Friday, June 21, 2013

Bye Bye Drain - June 21st

At 9:15am, I was sitting in the surgical clinic, quietly reviewing the highlights of the case I'd be presenting to the doctor that would hopefully result in the removal of my sluggish drain. 
Since it's insertion, my JP drain had been steadily declining in efficiency. In fact, the drain's lackluster performance is what extended my original hospital stay from one overnight to two and included a few tense moments when a not-my-surgeon-rounds-doctor put me on an NPO (Nothing Per Orem) order the morning after surgery and threatened a return trip to the OR. 
Thankfully my fandamntastic I-don't-have-time-for-BS-and-don't-give-any-either surgeon showed up an hour later.

"So, we could have a bleeder and we could take you back in there but, honestly, I tend to defer to my patients. So? How do you feel?" Her eyes met mine. Direct. Sincere. No nonsense. 
You answer women like this (especially your doctors) with the truth, the whole truth and nothing but the truth.
"Fine. Sore. Tired. And I want to go home, " I answered honestly and succinctly.
"So you don't feel like you're bleeding out?" 
"Nope." (Seconds later I wondered if I'd even know what that felt like but c'est la vie)
"Great! Then let's keep you one more night just to be safe and you can go home in the morning. I won't be upstairs until the afternoon so either the rounds doc can release you or you can wait for me and go home in the afternoon."
"Here," I said stretching out my right arm and making a good effort with the sorer left side. "Then let me hug you know because I won't be here in the afternoon!"

At 6:56am the next morning (6/19), I sent the following text to my still sleeping husband:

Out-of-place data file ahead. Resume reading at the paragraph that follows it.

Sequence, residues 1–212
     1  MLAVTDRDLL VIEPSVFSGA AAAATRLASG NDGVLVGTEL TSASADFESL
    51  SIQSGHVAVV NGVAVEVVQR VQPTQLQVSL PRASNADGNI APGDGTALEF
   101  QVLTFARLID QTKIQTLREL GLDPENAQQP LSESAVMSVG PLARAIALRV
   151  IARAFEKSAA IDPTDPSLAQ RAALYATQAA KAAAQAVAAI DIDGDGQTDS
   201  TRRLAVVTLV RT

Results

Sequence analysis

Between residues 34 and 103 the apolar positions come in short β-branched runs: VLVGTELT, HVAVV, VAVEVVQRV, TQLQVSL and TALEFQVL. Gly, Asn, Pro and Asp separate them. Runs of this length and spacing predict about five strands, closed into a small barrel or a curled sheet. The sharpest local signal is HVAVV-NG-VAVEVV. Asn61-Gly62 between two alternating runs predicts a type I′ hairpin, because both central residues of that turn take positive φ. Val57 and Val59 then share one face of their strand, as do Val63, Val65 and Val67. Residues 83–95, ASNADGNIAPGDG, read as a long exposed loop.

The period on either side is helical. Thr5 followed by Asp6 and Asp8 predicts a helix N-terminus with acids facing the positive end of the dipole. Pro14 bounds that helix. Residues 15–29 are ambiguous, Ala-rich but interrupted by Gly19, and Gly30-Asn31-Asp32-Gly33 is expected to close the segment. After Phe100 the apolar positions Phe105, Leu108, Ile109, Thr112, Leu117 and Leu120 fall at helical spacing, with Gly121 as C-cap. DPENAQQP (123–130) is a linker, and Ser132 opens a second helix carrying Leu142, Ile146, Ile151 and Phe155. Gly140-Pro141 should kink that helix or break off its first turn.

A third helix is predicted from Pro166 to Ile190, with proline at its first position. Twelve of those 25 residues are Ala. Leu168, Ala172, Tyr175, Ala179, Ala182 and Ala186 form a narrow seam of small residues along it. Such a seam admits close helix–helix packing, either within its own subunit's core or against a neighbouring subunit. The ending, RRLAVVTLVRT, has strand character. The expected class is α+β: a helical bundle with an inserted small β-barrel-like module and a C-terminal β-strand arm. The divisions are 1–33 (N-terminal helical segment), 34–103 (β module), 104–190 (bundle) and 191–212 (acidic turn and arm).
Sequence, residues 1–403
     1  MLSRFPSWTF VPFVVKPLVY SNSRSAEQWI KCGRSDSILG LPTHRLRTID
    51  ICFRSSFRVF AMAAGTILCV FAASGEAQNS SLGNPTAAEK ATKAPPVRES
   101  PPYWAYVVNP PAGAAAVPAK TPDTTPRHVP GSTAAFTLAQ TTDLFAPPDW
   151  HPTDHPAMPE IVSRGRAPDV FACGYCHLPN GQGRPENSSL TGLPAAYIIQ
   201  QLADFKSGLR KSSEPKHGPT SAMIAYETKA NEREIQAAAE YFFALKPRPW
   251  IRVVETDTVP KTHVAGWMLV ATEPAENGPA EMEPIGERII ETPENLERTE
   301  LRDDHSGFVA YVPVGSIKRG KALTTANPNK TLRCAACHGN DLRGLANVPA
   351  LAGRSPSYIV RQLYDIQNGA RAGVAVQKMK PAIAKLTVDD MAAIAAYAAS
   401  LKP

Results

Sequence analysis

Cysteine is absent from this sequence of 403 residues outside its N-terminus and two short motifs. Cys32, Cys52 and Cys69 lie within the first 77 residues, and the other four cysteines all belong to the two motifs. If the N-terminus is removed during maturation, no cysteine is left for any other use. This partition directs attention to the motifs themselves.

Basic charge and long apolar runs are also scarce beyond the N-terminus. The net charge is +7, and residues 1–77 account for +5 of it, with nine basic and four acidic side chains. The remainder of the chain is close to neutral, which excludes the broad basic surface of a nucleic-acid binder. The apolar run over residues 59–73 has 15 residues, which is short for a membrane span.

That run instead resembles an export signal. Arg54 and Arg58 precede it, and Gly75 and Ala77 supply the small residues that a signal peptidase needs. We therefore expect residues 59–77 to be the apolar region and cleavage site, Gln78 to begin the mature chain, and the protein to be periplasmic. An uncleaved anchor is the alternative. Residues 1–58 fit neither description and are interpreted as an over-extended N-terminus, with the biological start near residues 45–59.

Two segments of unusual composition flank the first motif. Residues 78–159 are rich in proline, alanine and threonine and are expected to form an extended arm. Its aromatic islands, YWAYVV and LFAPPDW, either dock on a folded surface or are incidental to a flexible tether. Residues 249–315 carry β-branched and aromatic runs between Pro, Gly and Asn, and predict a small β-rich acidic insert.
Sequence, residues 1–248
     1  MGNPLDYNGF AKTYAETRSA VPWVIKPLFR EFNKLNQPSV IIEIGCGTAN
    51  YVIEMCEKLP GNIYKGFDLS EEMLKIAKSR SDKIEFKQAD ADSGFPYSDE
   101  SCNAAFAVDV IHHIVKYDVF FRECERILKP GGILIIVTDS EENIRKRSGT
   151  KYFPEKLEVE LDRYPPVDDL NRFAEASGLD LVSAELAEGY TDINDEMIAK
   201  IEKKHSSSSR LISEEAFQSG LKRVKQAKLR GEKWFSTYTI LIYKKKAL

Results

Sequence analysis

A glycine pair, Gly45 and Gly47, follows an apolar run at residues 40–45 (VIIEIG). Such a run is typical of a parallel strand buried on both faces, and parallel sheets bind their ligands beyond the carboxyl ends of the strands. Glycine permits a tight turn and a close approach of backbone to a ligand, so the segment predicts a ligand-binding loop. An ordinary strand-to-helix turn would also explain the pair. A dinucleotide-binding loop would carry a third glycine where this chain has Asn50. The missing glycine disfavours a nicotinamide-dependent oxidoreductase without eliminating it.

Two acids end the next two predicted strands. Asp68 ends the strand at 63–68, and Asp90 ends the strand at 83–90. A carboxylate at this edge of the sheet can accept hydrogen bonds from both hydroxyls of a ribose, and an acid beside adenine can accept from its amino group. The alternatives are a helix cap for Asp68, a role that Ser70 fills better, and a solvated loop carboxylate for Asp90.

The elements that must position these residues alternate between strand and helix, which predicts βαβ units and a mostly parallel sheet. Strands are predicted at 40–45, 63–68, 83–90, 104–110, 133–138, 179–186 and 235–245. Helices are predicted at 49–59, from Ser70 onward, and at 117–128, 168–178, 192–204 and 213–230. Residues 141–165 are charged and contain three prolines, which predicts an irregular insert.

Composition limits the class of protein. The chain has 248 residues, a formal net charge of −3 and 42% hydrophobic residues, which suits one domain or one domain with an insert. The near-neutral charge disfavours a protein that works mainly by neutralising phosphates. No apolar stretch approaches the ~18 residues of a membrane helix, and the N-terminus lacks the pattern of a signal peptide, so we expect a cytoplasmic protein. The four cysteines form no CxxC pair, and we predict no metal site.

I can go home whenever you come get me. Please bring coffee! XO

(Twenty seconds later, I called just to make sure he was awake, not wanting to spend any extra minutes attached to needles, confined to wards or dressed in hospital gownage - although I'd added yoga pants to the mix shortly after surgery so I could walk around).

On Thursday 6/20, I walked 1.74 miles and began weening myself off the narcos. Being home was wonderful for my recovery but the drain didn't perform any better on my home turf. And yet the seroma I'd developed had not continued to grow. So, this morning my rationalization for asking for drain removal involved the increased risk of infection for what was amounting to ~7-10ml of fluid drainage per 24 hours. 
On the drive over, I'd admitted to my husband that the breakfast I'd eaten wasn't based on normal morning hunger or routine but was simply insurance. A full belly insured no one could drag my ass back into the OR anytime soon! A childish move but sometimes you do what you have to do.

As Dr. Z (a wildcard doc I'd never met) entered the room, I quickly started to plead my case.
"So the drain's not working. It's really never worked. I just really want it out," I explained, simple and to the point.
"It's not working?" her interest piqued.
"Well since leaving the hospital I have only gotten between 7 and 10 ml of fluid a day."
"So it IS working."
"Well. Not WELL," I replied nervously. "It's never worked well. They kept me an extra day because it didn't work well."
"But it IS working," she smiled sweetly.
"Well it's far under the 30ml a day production level so I just want it out," I stammered, desperate to come up with the right words to have the damn thing removed.
"Oh. Yes. I'm here to take it out. See? All the drawers are unlocked so I can get to the supplies to remove it," the sweet smile sincere, a twinkle of amusement in her eye. "I just wanted to confirm that it wasn't NOT working at all. THEN we'd have a problem."

All I could do was exhale.
"Oh," I breathed as I tossed my head back in what was surely a display of mental exhaustion. "Thank you."

If you've ever had a JP drain removed, I need not explain the process. If you haven't, you probably don't want to know the details. Suffice it to say the amount of tube-age pulled out of my left side was staggering and the sensation of having said tube-age pulled out manually was... well... uncomfortably weird.

And immediately I felt better. Way better. 

For a few blissful moments.

In that tiny room, in the span of fewer than 30 minutes, I not only had the drain removed, I also had my first look at the diagonal incision that has replaced my left breast. 

And discovered the pathology results have come back.

And both of those topics are subjects of other posts.